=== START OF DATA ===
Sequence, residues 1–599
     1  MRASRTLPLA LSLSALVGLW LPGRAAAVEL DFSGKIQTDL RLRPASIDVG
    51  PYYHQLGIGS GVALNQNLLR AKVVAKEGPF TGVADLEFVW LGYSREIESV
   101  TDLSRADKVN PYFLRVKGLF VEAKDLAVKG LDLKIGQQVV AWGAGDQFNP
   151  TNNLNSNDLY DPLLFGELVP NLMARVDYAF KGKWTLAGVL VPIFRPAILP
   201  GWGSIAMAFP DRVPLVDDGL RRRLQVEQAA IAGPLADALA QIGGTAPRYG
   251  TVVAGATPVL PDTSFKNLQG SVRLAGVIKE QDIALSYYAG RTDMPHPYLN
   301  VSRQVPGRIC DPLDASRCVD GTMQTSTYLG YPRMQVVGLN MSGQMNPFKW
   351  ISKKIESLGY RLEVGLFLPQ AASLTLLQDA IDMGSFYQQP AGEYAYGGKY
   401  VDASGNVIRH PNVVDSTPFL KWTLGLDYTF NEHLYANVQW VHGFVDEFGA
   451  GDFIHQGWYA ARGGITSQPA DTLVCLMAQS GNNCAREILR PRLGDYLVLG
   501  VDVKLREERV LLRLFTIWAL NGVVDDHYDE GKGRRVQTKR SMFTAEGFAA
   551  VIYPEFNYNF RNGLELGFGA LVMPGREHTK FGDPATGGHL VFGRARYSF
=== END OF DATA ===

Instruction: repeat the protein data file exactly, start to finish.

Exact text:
Sequence, residues 1–599
     1  MRASRTLPLA LSLSALVGLW LPGRAAAVEL DFSGKIQTDL RLRPASIDVG
    51  PYYHQLGIGS GVALNQNLLR AKVVAKEGPF TGVADLEFVW LGYSREIESV
   101  TDLSRADKVN PYFLRVKGLF VEAKDLAVKG LDLKIGQQVV AWGAGDQFNP
   151  TNNLNSNDLY DPLLFGELVP NLMARVDYAF KGKWTLAGVL VPIFRPAILP
   201  GWGSIAMAFP DRVPLVDDGL RRRLQVEQAA IAGPLADALA QIGGTAPRYG
   251  TVVAGATPVL PDTSFKNLQG SVRLAGVIKE QDIALSYYAG RTDMPHPYLN
   301  VSRQVPGRIC DPLDASRCVD GTMQTSTYLG YPRMQVVGLN MSGQMNPFKW
   351  ISKKIESLGY RLEVGLFLPQ AASLTLLQDA IDMGSFYQQP AGEYAYGGKY
   401  VDASGNVIRH PNVVDSTPFL KWTLGLDYTF NEHLYANVQW VHGFVDEFGA
   451  GDFIHQGWYA ARGGITSQPA DTLVCLMAQS GNNCAREILR PRLGDYLVLG
   501  VDVKLREERV LLRLFTIWAL NGVVDDHYDE GKGRRVQTKR SMFTAEGFAA
   551  VIYPEFNYNF RNGLELGFGA LVMPGREHTK FGDPATGGHL VFGRARYSF